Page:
618071.fig.001
Figure 1: Small intestinal biopsy (×20) showing severely attenuated villi with surface intraepithelial lymphocytosis and lymphoplasmacytic inflammatory infiltrate in the superficial lamina propria.

3. Discussion

We described a case of severe spruelike enteropathy which achieved a remarkable clinical improvement with suspension of olmesartan. Small bowel biopsy confirmed moderately severe spruelike manifestations including villous blunting and intraepithelial lymphocyte infiltration. Celiac disease was excluded by negative conventional serology tests, the absence of HLA class II heterodimer HLA-DQ2 or HLA-DQ8, and the absence of clinical response to a gluten-free diet. Virtually, all patients with celiac disease have the celiac disease-associated alleles, the DQ2 or DQ8 molecule [5]. Thus, the presence of those alleles provides a sensitivity close to 100% for celiac disease and a very high negative predictive value for the disease [6]. Biopsy did not show subepithelial collagen depositions, increased crypt apoptosis, or crypt predominant lymphocytosis. Other less common enteropathies were excluded.

This case highlighted very similar clinicopathological manifestations presented in the previous case series of spruelike enteropathy associated with olmesartan [4]. The study by Rubio-Tapia et al. described a group of 22 patients (13 women, median age of 69.5 years) who presented with severe diarrhea and weight loss with a median of 18 kg loss. Most patients had been taking 40 mg of olmesartan daily for several months or years (average of 3.1 years) before developing symptoms. Clinical response was observed in all the patients after suspension of olmesartan. In all patients, results of IgA TTG antibody were negative, a gluten-free diet was not helpful, and baseline intestinal biopsies demonstrated villous atrophy with mucosal inflammation. Followup intestinal biopsies were performed in 18 patients (82%), and histologic recovery of the duodenum was documented in 17 patients. We acknowledge that this case lacks information of histologic recovery after discontinuation of olmesartan. However, given the achievement of clinical remission, it is very unlikely that the presence of villous blunting or mucosal inflammation persisted. Deliberate rechallenge test with olmesartan was not indicated because of the life-threatening nature of the syndrome. Resolution of the symptoms in the absence of clinicopathological evidence of other diseases associated with enteropathy suggests that the association is not likely to be a chance as the previous report by Rubio-Tapia et al. mentioned as well. The mechanisms underlying spruelike enteropathy associated with olmesartan remain unclear. Given the time between the initiation of olmesartan and the development of symptoms, it is unlikely that clinical picture is the result of a type I hypersensitivity response. One proposed mechanism is that the enteropathy is due to a cell-mediated immune response that results in damage to the small intestinal brush border. Angiotensin II induces gene expression of transforming growth factor- (TGF-) beta. The upregulation of TGF-beta levels is involved in damage to various organs, and the gene expressions are induced by angiotensin II [7]. In the gastrointestinal tract, TGF-beta plays a central role in the intestinal epithelial cells and the mucosal immune system to maintain a normal balance between proinflammatory and antiinflammatory factors [8]. In conclusion, we report a very unique case describing an association of severe form of spruelike enteropathy and olmesartan. Although olmesartan has not been proved for the causality of spruelike enteropathy, our case supports the findings in the recently published first case series. Further investigation is warranted to elucidate the specific mechanism of olmesartan-associated enteropathy and to determine whether other drugs in the ARB class can result in a similar adverse reaction. Until these questions are answered, it is important for clinicians to maintain a high index of suspicion for olmesartan and potentially other ARBs as precipitants of spruelike enteropathy.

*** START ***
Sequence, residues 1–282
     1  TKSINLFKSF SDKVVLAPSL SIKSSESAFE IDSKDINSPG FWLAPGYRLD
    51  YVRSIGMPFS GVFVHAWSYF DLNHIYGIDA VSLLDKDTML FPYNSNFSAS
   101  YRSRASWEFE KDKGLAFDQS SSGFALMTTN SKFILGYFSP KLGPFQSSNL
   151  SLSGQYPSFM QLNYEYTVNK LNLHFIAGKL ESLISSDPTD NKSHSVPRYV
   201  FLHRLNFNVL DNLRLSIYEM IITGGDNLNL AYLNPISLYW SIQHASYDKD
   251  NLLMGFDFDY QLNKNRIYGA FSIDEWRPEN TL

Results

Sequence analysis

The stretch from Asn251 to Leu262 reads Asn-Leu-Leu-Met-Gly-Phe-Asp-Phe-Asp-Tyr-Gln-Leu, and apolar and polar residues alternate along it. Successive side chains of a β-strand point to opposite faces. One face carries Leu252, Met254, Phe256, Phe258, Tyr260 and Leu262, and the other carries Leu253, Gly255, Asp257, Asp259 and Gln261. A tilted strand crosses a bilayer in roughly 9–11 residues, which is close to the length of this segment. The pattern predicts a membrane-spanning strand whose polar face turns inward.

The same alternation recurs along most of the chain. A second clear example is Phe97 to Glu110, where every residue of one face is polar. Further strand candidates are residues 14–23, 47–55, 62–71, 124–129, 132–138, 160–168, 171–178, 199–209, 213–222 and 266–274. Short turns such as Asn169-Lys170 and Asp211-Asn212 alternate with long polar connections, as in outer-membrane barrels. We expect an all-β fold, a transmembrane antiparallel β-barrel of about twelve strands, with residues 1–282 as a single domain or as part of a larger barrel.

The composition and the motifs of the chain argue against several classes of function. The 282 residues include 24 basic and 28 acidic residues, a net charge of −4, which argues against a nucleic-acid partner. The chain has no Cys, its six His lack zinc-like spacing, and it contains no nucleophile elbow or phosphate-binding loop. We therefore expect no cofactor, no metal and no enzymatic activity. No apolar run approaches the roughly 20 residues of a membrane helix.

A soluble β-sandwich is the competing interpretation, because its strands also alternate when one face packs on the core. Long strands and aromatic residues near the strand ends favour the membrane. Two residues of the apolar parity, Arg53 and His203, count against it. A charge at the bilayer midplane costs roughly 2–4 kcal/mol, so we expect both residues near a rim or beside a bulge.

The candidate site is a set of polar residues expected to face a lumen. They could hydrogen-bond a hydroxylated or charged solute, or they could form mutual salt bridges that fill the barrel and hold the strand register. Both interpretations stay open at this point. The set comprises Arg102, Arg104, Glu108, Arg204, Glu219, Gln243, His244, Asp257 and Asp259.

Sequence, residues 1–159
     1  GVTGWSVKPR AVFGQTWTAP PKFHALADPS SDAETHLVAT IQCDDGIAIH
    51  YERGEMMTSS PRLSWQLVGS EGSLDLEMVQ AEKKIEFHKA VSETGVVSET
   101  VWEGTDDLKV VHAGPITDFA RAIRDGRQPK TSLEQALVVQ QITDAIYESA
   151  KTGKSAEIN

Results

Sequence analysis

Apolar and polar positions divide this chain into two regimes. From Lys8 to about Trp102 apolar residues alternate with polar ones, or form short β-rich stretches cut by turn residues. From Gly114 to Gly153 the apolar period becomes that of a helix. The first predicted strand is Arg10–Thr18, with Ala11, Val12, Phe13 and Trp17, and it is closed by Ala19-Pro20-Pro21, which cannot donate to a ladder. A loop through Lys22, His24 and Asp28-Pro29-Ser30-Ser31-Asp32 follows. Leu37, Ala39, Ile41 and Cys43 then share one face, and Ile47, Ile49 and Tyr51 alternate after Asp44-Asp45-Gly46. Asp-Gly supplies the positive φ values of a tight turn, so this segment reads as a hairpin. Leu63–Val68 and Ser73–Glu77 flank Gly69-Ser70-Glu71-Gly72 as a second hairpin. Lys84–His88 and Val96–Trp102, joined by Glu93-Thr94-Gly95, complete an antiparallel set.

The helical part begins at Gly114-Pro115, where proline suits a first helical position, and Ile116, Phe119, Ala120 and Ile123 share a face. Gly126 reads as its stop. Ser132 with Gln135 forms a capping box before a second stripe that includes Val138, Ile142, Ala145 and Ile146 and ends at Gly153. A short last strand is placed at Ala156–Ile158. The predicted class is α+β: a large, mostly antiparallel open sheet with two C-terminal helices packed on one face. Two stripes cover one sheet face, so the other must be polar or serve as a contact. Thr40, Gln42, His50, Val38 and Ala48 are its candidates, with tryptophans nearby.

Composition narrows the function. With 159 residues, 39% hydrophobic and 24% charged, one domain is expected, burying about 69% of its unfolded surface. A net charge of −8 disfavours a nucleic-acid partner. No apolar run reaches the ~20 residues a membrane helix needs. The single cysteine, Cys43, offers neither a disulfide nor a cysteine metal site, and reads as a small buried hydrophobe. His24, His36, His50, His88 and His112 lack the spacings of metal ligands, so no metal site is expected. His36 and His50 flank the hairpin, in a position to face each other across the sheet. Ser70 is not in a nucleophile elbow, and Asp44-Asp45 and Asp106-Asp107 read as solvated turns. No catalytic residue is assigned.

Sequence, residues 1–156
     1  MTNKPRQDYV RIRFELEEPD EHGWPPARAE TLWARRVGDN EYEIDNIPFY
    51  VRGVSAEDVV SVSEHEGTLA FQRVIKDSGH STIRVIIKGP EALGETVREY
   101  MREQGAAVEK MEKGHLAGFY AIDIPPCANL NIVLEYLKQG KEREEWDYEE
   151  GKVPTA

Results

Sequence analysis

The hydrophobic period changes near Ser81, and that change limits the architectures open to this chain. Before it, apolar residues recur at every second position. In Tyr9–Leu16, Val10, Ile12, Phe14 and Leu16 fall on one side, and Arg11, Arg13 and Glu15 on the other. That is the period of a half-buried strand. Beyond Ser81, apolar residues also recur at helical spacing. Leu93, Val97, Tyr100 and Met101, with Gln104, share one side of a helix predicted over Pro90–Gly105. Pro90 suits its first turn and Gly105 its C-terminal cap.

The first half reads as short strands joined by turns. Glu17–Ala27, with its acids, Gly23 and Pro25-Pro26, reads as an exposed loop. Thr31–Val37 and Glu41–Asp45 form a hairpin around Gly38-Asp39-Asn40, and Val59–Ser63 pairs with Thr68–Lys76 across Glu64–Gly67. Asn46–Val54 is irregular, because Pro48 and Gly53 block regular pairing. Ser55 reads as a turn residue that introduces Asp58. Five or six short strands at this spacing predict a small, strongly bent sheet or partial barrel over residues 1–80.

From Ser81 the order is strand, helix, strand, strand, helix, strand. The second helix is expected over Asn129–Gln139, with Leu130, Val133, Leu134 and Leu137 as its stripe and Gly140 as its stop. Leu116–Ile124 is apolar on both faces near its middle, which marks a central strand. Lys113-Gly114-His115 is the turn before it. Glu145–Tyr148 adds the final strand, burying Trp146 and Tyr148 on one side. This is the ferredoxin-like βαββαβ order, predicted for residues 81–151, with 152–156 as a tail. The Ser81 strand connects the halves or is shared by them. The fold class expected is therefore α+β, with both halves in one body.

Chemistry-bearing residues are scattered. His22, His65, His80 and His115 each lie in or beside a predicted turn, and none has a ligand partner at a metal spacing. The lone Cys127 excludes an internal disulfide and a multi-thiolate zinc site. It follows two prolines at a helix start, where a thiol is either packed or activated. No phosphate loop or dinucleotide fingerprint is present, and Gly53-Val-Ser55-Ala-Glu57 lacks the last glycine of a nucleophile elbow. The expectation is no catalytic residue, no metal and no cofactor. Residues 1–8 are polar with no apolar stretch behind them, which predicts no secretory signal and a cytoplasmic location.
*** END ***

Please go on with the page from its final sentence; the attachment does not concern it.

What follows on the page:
Conflict of Interests

The authors declare that they have no conflict of interests.